Syed Munir Khasru’s article“Digital evolution key to Asean’s post-pandemic recovery” (June 4) echoes the call for digitalisation from our city’s small and medium-sized enterprises (SMEs), which are facing increased competition from within the region.
The power of digitalisation has enabled us to work flexibly and have online access to finance, health care, education and entertainment. Blockchain-based non-fungible tokens (NFTs) underpinning authentic ownership of valuables have disrupted the commercialisation of art and real estate. Many such novel ways of work and social behaviour will stay after the pandemic.
In the era of artificial intelligence, businesses of all sizes still need to empathetically connect with customers. They need knowledge to navigate the e-business ecosystem and convincing narratives to win customers. They also need agile retail strategies and to offer customers a seamless online and offline experience.
Specialisation, localisation and different cultures and states of play have led to various digital strategies and practices for accessing different markets. Current education needs to better prime students and the workforce with a befitting mindset and skill set to face the new work-life realities.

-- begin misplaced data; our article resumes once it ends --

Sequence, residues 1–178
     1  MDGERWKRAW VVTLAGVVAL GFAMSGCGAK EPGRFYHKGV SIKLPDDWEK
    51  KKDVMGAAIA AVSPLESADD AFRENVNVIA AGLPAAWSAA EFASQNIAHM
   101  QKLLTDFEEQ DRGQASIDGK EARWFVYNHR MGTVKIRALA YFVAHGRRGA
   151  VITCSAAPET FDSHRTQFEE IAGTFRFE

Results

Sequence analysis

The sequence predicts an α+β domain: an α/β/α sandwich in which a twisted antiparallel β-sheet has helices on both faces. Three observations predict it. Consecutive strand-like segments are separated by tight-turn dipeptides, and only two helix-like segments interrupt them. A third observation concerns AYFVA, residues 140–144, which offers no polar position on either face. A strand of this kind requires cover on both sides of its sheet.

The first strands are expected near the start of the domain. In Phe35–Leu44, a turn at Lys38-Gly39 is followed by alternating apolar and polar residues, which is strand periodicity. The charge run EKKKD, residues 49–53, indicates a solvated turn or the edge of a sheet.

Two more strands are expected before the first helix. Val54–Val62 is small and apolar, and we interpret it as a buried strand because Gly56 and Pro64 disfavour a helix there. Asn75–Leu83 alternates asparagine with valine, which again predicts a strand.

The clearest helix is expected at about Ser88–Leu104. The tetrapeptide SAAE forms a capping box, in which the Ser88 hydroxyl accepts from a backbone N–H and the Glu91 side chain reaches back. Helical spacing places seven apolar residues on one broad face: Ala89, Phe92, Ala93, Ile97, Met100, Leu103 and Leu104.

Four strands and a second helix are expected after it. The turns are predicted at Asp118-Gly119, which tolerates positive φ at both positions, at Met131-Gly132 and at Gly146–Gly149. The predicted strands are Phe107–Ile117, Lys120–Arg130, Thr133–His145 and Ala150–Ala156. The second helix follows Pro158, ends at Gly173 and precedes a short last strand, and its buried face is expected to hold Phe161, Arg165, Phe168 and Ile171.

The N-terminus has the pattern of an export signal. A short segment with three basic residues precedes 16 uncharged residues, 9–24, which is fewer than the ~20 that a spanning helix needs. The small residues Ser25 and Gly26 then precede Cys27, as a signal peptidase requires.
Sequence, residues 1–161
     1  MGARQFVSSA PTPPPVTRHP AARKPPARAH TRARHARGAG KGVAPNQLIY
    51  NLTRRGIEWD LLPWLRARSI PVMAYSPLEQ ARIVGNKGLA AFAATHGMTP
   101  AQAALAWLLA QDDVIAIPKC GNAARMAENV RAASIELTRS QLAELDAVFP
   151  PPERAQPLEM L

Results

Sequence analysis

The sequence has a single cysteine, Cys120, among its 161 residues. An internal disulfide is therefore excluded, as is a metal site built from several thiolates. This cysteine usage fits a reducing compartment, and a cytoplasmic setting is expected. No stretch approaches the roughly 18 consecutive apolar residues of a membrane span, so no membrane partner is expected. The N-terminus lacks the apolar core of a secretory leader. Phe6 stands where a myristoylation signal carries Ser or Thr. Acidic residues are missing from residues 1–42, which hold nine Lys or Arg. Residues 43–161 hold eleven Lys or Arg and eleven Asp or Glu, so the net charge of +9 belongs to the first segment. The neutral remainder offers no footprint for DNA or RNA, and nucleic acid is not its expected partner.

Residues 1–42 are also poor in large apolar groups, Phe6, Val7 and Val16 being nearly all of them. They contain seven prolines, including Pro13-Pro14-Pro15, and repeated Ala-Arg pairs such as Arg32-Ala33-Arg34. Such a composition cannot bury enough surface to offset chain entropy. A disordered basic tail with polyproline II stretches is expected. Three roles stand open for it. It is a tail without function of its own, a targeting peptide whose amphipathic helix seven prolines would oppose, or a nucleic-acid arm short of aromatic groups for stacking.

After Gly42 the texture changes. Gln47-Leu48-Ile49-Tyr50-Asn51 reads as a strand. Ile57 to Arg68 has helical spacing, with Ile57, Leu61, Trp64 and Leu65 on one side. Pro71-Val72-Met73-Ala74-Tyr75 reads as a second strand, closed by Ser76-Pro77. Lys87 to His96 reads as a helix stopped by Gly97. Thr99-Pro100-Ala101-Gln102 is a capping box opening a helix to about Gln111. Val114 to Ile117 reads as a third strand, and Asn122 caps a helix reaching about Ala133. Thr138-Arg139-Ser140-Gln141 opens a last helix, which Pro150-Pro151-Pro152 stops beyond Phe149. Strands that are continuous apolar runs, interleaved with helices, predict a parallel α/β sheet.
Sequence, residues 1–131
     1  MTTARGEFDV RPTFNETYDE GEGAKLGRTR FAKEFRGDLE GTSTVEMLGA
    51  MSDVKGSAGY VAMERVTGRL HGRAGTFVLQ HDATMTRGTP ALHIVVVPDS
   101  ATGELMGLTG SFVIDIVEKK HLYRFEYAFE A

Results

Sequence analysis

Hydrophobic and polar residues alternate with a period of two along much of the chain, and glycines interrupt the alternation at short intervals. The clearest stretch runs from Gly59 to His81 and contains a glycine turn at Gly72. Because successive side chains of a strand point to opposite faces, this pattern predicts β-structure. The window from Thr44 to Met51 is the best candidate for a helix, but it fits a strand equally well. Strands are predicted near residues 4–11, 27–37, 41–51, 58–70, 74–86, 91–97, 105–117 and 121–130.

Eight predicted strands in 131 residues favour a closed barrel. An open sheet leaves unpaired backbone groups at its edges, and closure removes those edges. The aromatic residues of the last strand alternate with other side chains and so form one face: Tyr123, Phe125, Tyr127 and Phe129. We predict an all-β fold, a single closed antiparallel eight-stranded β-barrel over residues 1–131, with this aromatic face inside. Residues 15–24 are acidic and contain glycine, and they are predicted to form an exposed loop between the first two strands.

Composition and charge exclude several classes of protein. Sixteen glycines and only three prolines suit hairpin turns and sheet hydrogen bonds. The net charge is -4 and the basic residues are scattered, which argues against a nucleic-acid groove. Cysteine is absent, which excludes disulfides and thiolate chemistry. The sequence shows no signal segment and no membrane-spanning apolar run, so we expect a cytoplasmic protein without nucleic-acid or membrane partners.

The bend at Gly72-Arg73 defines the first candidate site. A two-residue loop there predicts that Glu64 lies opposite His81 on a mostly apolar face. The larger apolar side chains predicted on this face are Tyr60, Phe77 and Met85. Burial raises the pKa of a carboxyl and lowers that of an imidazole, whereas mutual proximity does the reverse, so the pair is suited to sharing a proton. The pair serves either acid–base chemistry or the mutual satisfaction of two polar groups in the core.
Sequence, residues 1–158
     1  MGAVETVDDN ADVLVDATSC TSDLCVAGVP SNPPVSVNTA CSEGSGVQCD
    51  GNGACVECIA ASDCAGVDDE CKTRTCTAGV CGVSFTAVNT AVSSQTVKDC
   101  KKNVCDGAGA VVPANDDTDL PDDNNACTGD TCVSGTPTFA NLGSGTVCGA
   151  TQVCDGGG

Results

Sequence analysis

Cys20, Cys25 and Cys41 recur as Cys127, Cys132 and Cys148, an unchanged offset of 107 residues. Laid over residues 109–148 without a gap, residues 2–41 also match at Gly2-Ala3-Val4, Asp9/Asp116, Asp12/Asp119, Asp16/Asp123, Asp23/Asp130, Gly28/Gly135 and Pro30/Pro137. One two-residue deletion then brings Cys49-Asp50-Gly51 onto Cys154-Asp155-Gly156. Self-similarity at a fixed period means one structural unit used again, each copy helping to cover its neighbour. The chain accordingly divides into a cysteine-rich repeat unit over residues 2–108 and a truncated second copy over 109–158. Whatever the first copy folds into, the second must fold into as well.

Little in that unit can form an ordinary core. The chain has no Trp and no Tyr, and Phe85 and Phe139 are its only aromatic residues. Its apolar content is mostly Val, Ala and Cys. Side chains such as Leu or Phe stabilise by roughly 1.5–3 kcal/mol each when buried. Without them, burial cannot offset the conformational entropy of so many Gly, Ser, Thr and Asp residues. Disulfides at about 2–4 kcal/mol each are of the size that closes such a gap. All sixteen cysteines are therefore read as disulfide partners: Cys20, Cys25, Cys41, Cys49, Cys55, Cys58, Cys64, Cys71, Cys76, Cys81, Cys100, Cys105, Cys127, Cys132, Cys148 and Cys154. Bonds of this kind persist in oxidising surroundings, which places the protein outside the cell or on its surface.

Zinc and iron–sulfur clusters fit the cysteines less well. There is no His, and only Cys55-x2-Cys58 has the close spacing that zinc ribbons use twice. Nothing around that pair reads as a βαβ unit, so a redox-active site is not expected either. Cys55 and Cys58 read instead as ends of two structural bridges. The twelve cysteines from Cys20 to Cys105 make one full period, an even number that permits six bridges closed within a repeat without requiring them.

Going digital also requires a strategic embrace of human-centred design. Noted Journalist and social anthropologist Gillian Tett’s new book, Anthro-Vision, is a timely reminder of the value of looking at the business world from a human angle in an era driven by algorithms and data. Facing a diversity of people and cultures, complexity of sociopolitical and economic structures, and uncertainty over the future, those who can innovate fast with empathy in delivering meaningful offerings will win hearts.
Policy support for SMEs aside, digitalisation ought to be an integral part of training on entrepreneurship, innovation management and good business design. There is a dearth of “business of digital” knowledge, as reflected in comments by founders of emerging brands at recent design industry roundtables held in partnership with PMQ. There have been calls for better coordinated policies and support to design and implement practice-oriented learning platforms and go-to-market programmes, to tap regional and overseas market opportunities.
A smart city needs to be a human city. We need citywide digital literacy and integration of design into non-design disciplines from a young age. It is time to step up practice-oriented research, VPET or vocational and professional education and training, and advanced learning, to meet the competence needs of business and industry. Only the fittest will survive, game on for those who can turn pain into gain.